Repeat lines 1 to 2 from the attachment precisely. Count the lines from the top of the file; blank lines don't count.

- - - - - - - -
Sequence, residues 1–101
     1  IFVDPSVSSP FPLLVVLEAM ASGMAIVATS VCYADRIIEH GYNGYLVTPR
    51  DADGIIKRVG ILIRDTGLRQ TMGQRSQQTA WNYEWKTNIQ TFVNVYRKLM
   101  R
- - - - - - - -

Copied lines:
Sequence, residues 1–101
     1  IFVDPSVSSP FPLLVVLEAM ASGMAIVATS VCYADRIIEH GYNGYLVTPR